Headline was the one inviting us to look at enterprise sales when Pismo was only 10 people strong. They pushed us to do it, to see what happens. They connected us to the right coaches. They made us intros and scheduled meetings for us. It became a huge part of what we are today.
Fill in the blanks. Because of Pismo, you will never ___ again.
Ricardo: It’s going to sound corny, but I’ll never dream small. Our previous company was successful: It now employs thousands of employees. But with Pismo, I’m having conversations with large banks in the U.S, in India, in Singapore. We would have never thought these things would be within the realm of reasonable for a company starting out of São Paulo.
Daniela: I’ll not feel intimidated in starting a company. I have struggled with impostor syndrome my all life. As a woman, I always have to remind myself I am not less than others.
I always have to remind myself I am not less than others.”
My parents were from the countryside. They were schooled until they were nine years old. My dad often relied on the help of others to put bread on our table. When I was 14, my mom put me in a computer course. I was in love. Later, I didn’t have money to pay for my University. So, I started working as an intern for Brazil’s department of traffic. I assisted the guards with their fines. Every December 24, I would hold traffic stop signs in front of the shopping center. It was difficult for me. My parents still don’t have any idea of the scale of what we have built with Pismo! When I asked my mom how much Pismo was worth, she guessed 50.000 reals ($9500). I said: A little bit more!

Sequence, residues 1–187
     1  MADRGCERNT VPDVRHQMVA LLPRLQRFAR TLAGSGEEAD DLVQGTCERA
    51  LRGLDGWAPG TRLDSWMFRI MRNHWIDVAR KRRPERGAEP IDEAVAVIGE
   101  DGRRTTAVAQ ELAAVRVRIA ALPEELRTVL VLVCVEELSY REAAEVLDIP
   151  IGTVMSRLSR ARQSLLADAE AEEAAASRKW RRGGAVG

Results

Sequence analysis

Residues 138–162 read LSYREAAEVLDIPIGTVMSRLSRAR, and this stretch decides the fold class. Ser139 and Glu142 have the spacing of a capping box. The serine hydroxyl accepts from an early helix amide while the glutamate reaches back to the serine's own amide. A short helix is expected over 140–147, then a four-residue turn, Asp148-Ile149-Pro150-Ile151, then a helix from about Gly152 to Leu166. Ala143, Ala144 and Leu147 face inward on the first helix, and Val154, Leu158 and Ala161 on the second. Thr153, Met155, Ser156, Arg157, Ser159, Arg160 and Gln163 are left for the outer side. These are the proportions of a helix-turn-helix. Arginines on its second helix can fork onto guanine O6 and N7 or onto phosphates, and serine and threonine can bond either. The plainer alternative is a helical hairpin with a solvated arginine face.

She made it 100% against all odds. People would often discourage her. But she is so tenacious.”
Ricardo: She made it 100% against all odds. People would often discourage her. But she is so tenacious. She was with me, in convincing me to start Pismo. I tried hard to dissuade her, telling her how hard pulling this off would be. But she is tenacious. And she built a deep tech company on cutting-edge technology, something that was never developed before. She went to public school, and her daughters can now attend one of the best schools in São Paulo.